Snow, Salamanders and Sinkholes
After introductions, Chris asked if there was anything we particularly wanted to see. An environmental studies major named Shannon, who I talked with throughout the hike, said "any mammals other than deer and ground squirrels." We all laughed because moments before we had seen about 25 ground squirrels on the hill by Stevenson College, and deer are ubiquitous throughout the campus. Chris said he hoped today's hike would take us places we'd never before explored on campus; it turned out I hadn't been to the majority of the places we walked to.
The first natural history sighting we had was a Say's phoebe on a fence post (my handheld camera is broken, so I wasn't able to take any pictures from today's hike, hence the photos from other sources. Each photo is linked to its source.)
Chris told us that this bird is a fly-catcher, venturing from its perch to catch flies and bugs with its wide, pointy bill and then returning to its perch. It has a dark head and a yellow-brown underside, and its call can be described as "whiney." Chris remarked that they are often found in open areas, like the meadow east of East Field where we spotted it. The "binos" (birding lingo for binoculars) were a necessity on the hike. Without them, most of the creatures we saw would have been distant dots. My eyes are definitely not trained for spotting birds in the distance, so it always took me a few seconds to determine where to look.
In the same meadow, we also spotted a male Anna's hummingbird performing an intimidation display. It flies straight up, really high, and then dives down in a j-curve. A "zoop" noise at the end of the dive is created by its tail. This hummingbird, one of two found on the UCSC campus, lives here year-round.
Our next sighting was flora. Non-native, weedy wild radish, of the mustard family. Interestingly, this plant's flowers have four petals and six stamen, unique to its family. It has purple, yellow or white flowers and tastes a little like cauliflower.
We continued down the meadow until we came to a gash in the ground, where it looked like the earth was sinking into itself. It was, actually, because it was a sinkhole, one of many found on campus. We ventured into it. It just looks like a depression in the ground, but upon closer inspection, a hole covered with rocks can be seen, no bottom in sight. Sinkholes are not common in most topography. When it rains in a normal valley, the water drains down through the valley by creek or river. In a sinkhole, however, the water just goes through a hole in the ground, like a bathtub drain. There's limestone underneath the whole campus, which was created in the ocean a looooong time ago from the buildup of dead organisms. The San Andreas Fault line, about 10 miles east of us, is bent, and so there is sliding and pushing; because the two sides of the fault are of the same density, this fault created the Santa Cruz Mountains. The limestone under the campus contains calcium carbonate, which is dissolved when water runs over it. When it rains, the water dissolves the limestone and carries it away toward the ocean. Some rocks that had been piled into the sinkhole were put there because, as Chris said, "they don't want it to eat the East Remote Parking lot."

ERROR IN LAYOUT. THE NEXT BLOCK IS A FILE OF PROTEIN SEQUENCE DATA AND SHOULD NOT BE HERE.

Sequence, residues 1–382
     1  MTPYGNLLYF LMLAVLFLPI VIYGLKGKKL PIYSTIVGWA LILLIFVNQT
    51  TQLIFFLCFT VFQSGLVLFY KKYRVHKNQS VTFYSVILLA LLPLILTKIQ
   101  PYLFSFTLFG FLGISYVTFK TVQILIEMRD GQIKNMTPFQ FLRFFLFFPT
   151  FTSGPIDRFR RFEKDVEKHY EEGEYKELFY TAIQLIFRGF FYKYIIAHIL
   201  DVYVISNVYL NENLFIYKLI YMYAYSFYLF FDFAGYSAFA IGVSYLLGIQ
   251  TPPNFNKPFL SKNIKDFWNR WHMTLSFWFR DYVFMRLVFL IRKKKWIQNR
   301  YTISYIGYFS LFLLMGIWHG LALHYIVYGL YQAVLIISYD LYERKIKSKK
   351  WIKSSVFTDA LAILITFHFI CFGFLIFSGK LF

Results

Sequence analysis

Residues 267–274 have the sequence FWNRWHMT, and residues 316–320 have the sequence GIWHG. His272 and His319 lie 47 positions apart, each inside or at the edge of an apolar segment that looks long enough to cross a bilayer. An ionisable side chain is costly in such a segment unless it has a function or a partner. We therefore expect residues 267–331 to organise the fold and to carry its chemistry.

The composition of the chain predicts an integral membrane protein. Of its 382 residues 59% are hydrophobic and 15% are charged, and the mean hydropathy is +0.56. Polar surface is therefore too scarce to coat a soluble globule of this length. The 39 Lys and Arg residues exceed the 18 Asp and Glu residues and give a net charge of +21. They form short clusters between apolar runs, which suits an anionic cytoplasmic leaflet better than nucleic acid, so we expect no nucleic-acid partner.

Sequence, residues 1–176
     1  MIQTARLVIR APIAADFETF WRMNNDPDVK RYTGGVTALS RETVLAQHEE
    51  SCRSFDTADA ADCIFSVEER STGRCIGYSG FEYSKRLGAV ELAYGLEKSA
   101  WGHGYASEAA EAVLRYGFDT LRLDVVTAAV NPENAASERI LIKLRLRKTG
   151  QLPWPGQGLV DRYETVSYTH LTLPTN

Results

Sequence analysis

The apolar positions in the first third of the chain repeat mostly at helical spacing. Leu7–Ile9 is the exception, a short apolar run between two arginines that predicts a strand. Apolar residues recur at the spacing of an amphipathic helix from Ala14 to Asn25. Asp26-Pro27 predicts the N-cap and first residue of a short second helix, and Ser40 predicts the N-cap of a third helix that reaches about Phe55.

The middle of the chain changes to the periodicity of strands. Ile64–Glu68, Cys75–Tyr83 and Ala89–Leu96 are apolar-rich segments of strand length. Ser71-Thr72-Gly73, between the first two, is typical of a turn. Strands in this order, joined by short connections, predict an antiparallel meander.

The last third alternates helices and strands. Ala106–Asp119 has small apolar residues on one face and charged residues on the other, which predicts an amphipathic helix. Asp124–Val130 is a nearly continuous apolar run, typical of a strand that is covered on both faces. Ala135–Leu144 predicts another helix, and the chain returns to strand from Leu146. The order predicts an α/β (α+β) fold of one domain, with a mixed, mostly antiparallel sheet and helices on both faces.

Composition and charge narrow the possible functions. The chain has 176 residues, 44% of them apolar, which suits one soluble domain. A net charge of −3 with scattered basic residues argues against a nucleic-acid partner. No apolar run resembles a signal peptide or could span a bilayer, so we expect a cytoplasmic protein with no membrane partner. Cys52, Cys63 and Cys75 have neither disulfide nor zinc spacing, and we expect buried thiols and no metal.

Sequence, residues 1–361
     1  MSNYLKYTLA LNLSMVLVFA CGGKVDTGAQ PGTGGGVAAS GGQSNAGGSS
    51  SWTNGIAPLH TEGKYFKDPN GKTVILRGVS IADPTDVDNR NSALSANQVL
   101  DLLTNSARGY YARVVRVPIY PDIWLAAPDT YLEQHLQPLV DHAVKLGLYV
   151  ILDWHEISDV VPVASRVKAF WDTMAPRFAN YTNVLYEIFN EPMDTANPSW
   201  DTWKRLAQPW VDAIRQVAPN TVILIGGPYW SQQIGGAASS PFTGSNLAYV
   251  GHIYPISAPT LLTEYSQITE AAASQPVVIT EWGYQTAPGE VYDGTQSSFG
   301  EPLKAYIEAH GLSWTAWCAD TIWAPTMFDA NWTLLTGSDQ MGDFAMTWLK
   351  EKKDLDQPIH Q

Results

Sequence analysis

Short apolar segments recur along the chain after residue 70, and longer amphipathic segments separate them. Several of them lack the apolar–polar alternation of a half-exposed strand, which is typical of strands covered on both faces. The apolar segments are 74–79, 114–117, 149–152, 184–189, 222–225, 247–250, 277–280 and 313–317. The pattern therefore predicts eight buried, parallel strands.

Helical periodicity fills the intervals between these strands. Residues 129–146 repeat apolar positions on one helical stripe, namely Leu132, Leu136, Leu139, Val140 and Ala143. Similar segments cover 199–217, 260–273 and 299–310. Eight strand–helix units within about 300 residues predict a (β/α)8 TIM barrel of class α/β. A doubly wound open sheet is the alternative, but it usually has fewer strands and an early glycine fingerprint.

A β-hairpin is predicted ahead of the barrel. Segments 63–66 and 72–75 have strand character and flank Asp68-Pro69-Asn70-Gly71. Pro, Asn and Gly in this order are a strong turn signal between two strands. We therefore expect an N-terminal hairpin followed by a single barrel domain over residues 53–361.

There are sinkholes all over campus, creating a honeycombed rock layer under the soil. When Chris brings a geologist out to this sinkhole with his 2-unit Natural History of the UCSC campus class, the geologist says that he doesn't walk over sinkholes because of their potential instability.
Chris talked about the various sinkholes and caverns around campus that most students don't know about. McHenry Library has been worked on for years; it's supposed to reopen this summer. One reason for this prolonged construction is that when they went to reinforce a corner of the building, they found that there was nothing to reinforce it with: the earth had sunk away from the building. Science and Engineering Library is bridged across a cavern. J Baskin Engineering was built on stilts because of its proximity to a sinkhole. This topography also accounts for the many caves on campus, including the well-known Porter Cave, which I ventured into my first evening on campus.
As we traversed meadows in lower campus, I silently was thankful that I'd chosen UC Santa Cruz over another school like Davis. UC Santa Cruz has the coolest natural history! So many things to discover and so much biological diversity. I'm definitely signing up for Chris's 2-unit Natural History of UCSC winter course next year.
While standing in East Meadow, Chris mentioned how California grasslands have been infiltrated with non-native species over time, due to the introduction of cattle in the 1850s and exotic grasses. I had pointed out plantain to Shannon earlier, and we'd each tasted a leaf. She asked if plantain was native, and Chris said no.